In 1945, Adams was asked to form the first fine art photography department at the California School of Fine Arts (CSFA). Adams invited Dorothea Lange, Imogen Cunningham and Minor White to become faculty members.

In 1952 Adams was one of the founders of the magazine Aperture, which was intended as a serious journal of photography showcasing its best practitioners and newest innovations. He was also a contributor to Arizona Highways, a photo-rich travel magazine which continues today. His article on Mission San Xavier del Bac, with text by longtime friend Nancy Newhall, was enlarged into a book published in 1954. This was the first of many collaborations with her. In June 1955, Adams began his annual workshops, teaching thousands of students until 1981.

By the 1950s, Adams came to believe that he was on the down side of his creative life. He continued with commercial assignments for another twenty years and became a consultant on a monthly retainer for Polaroid Corporation, founded by good friend Edwin Land. He made thousands of photographs with Polaroid products, El Capitan, Winter, Sunrise (1968) being the one he considered his most memorable. In the final twenty years of his life, the Hasselblad was his camera of choice, with Moon and Half Dome (1960) being his favorite photo made with that brand of camera.

In March 1963, Ansel Adams and Nancy Newhall accepted a commission from Clark Kerr, the President of the University of California, to produce a series of photographs of the University's campuses to commemorate its centennial celebration. The collection, titled Fiat Lux after the University's motto, was published in 1967 and now resides in the Museum of Photography at the University of California, Riverside.

In 1974, Adams had a major retrospective exhibition at the Metropolitan Museum of Art. Much of his time during the 1970s was spent curating and re-printing negatives from his vault, in part to satisfy the great demand of art museums which had finally created departments of photography and desired his iconic works. He also devoted his considerable writing skills and prestige to the cause of environmentalism, focusing particularly on the Big Sur coastline of California and the protection of Yosemite from over-use. President Carter commissioned Adams to make the first official portrait of a president made by a photograph.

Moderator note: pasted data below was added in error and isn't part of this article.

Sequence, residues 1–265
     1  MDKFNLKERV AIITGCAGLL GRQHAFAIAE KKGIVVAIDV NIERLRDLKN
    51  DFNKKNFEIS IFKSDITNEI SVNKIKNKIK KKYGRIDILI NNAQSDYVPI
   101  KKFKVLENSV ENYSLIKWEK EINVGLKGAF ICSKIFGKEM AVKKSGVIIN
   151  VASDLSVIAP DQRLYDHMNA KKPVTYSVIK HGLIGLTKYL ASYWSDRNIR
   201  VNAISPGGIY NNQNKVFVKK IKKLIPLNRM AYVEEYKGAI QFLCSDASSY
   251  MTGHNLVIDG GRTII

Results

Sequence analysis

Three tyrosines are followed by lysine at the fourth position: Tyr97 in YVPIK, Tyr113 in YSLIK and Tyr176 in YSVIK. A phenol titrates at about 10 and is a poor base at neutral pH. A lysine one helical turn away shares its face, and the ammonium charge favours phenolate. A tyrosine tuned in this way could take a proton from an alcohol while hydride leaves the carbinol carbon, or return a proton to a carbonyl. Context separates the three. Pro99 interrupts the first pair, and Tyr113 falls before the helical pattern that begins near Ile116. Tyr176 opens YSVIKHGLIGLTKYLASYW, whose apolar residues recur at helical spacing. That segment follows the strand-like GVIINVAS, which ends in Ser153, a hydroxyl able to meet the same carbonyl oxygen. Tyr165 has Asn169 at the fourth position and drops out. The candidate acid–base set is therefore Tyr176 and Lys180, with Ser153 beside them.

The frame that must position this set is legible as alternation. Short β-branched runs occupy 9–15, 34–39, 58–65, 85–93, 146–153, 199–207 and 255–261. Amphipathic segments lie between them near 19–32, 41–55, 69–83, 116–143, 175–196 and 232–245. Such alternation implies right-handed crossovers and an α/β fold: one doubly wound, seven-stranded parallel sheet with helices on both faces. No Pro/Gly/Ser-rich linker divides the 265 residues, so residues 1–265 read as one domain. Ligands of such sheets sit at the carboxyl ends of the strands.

Contributions and influence

Romantic landscapists Albert Bierstadt and Thomas Moran portrayed the Grand Canyon and Yosemite at the end of their reign, and were subsequently displaced by daredevil photographers Carleton Watkins, Eadweard Muybridge, and George Fiske. But it was Adams' black-and-white photographs of the West which became the foremost record of what many of the National Parks were like before tourism, and his persistent advocacy helped expand the National Park system. He skillfully used his works to promote many of the goals of the Sierra Club and of the nascent environmental movement, but always insisted that, as far as his photographs were concerned, “beauty comes first”. His stirring images are still very popular in calendars, posters, and books.

Realistic about development and the subsequent loss of habitat, Adams advocated for balanced growth, but was pained by the ravages of “progress”. He stated, “We all know the tragedy of the dustbowls, the cruel unforgivable erosions of the soil, the depletion of fish or game, and the shrinking of the noble forests. And we know that such catastrophes shrivel the spirit of the people…The wilderness is pushed back, man is everywhere. Solitude, so vital to the individual man, is almost nowhere.”